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44% of those employed in organized manufacturing are on contract, leading to slow 1.7% per annum wage rise

By Our Representative
Even as claiming that between 2000 and 2015, real wages in India grew in every sector, including in agriculture and in unorganised manufacturing and services, at the compounded annual growth rate (CAGR) of roughly 3 per cent, a recent study finds a variation across sectors: Thus, from 2010 to 2015, real wages grew faster, at a CAGR of 4 per cent for unorganised manufacturing, 5 per cent for unorganised services, and 7 per cent for agriculture.
Titled “State of Working India 2018”, carried out by the Centre for Sustainable Empoyment at the Azim Premji University, Bengalaru, the study, however, regrets, that the “wage growth in organised manufacturing has been slower than that in the unorganised sector – at 0.8 per cent over the whole period since 1999, and 1.7 per cent in the most recent period.”
A major factor “contributing to keeping wages down in this sector is the rise in the proportion of contract workers”, the study says, adding, “Field studies reveal that contract workers are paid a fraction of permanent worker wages, often for similar work.”
In fact, according to the study, the “contract workers' wages lie somewhere between the wages of direct workers and their unorganised sector counterparts”, underlining, “The rise in the proportion of workers employed via third-party contractors, reported earlier, together with the lower wage rates for these workers, has important implications for both quality of work as well as the share of labour in value added.” 
The study states, “There is a slowdown in the replacement of workers by machines but work is becoming more precarious in the organised manufacturing sector. Number of jobs supported by one crore rupees of fixed capital in organised manufacturing has leveled at around 10. In the early 1980s, one crore rupees of real fixed capital (in 2015 prices) supported around 90 jobs in the organised manufacturing sector.”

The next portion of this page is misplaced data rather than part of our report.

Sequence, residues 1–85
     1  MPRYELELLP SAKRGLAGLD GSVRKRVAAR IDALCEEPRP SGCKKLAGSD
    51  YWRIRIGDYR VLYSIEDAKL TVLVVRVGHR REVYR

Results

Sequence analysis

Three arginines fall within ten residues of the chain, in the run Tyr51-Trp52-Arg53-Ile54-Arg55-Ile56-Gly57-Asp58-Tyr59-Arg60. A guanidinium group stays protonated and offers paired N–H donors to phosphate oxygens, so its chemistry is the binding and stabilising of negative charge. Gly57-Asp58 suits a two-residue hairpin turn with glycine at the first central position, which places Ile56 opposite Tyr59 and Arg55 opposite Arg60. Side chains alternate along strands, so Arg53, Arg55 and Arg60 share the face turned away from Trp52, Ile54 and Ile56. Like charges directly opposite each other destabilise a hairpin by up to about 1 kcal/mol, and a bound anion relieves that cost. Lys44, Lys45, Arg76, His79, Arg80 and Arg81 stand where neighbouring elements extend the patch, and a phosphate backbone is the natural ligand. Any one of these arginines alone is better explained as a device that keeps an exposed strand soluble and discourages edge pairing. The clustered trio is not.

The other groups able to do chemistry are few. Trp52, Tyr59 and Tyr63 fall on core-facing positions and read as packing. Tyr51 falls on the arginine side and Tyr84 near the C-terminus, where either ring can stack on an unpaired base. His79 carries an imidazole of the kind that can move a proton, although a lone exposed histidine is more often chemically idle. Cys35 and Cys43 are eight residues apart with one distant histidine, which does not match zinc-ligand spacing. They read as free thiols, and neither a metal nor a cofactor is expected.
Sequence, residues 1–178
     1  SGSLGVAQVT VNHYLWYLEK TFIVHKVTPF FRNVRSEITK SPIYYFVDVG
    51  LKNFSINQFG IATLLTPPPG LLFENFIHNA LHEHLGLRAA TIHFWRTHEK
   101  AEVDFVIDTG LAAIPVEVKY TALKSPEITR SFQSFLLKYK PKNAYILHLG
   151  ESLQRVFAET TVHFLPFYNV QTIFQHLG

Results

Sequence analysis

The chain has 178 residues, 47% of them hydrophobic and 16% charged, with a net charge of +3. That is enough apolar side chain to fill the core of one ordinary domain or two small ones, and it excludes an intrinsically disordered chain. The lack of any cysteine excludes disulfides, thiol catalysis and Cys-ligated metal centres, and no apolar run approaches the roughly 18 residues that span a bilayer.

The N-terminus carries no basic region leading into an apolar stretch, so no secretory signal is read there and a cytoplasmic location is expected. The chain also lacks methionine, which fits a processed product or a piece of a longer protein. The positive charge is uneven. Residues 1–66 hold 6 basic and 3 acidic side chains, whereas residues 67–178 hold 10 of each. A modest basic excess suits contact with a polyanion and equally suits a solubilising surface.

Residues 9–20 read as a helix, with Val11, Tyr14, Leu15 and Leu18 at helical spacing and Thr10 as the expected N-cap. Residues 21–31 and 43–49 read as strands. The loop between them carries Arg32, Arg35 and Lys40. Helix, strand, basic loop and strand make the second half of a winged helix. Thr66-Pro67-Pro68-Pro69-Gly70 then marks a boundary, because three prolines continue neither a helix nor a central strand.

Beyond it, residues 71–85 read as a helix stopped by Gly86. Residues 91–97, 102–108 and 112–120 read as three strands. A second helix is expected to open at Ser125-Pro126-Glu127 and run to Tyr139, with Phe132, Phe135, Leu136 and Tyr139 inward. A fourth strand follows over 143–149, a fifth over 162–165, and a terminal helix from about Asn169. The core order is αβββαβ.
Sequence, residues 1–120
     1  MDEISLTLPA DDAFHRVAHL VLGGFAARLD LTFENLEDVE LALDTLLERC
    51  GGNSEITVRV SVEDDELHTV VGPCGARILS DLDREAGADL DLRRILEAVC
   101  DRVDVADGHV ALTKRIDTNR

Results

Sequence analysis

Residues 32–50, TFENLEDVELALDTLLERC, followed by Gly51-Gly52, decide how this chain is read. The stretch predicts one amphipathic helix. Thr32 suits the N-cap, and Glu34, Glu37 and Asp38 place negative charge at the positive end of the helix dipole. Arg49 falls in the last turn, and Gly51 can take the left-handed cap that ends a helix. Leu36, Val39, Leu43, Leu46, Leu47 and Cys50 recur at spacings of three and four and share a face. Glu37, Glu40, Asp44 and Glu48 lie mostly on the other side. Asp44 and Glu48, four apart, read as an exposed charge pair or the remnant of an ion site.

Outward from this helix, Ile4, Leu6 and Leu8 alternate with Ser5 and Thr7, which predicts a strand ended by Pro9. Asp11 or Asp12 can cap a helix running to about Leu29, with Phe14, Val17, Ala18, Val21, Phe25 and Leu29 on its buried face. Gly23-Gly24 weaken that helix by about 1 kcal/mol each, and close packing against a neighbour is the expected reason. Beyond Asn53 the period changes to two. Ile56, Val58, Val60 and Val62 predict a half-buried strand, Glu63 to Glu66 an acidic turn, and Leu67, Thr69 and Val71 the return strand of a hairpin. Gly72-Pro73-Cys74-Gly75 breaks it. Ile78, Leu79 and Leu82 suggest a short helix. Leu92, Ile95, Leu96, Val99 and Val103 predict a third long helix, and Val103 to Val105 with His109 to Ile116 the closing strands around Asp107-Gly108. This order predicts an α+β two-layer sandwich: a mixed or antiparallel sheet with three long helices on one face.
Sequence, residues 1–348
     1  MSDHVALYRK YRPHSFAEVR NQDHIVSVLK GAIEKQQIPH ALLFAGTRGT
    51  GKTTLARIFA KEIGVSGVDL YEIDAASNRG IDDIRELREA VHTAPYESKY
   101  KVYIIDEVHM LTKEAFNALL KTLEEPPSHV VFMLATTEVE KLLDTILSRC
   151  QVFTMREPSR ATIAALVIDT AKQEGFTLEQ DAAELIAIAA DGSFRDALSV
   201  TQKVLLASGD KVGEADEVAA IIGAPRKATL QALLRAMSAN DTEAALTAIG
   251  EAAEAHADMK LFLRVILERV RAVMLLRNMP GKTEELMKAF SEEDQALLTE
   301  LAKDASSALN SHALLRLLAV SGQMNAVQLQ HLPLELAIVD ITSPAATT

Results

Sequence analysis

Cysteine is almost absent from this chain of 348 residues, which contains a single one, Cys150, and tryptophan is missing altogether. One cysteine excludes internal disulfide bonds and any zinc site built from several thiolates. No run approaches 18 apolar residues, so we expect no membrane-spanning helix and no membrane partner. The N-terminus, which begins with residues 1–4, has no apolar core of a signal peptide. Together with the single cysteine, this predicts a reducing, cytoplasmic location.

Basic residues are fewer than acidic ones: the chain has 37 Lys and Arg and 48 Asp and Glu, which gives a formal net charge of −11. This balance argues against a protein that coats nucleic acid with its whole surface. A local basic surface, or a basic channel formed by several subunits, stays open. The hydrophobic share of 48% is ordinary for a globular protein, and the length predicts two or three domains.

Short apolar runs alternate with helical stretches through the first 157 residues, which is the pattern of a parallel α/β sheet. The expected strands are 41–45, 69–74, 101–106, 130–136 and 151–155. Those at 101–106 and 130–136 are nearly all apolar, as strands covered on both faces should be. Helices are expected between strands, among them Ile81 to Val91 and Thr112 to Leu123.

“Contract workers are nearly 30 per cent of all workers in organised manufacturing”, the study says, adding, “Contract workers accounted for 44 per cent of the additional employment between 2000 and 2014. Firms use non-permanent workers to stay below the threshold size and thereby avoid costs attributed to larger firm size. The intensity in the use of contract workers is highest for firms in the 50-99 size group.” 
It adds, “Field studies reveal many categories of contract, trainee, and apprentice workers who perform the work of permanent workers at a fraction of their wages. This is one way in which labour laws are being circumvented by manufacturing firms.”
“For example”, the study says, “As per contract, workers have to be paid Provident Fund (PF) and gratuity. However, workers reported that the employers encouraged them to terminate their current contract and claim PF benefits just before completing five years”, a period after which the PF and graduity would become applicable.
Thus, “workers rejoin the same factory within a week or so on a new contract. This significantly reduces the labour bill for employers. The authors also found that the law mandating public holidays is being flouted. Workers are required to work on Sundays to compensate for a public holiday.”
The study further states, “Contrary to popular perception, it appears that capital intensive industries are more reliant on contract workers than labour intensive industries. Contract workers constituted 37 per cent of total workers in chemicals and 47 per cent of total workers in motor vehicles, while in textiles and apparel the corresponding figures were 20 per cent and 15 per cent respectively.”

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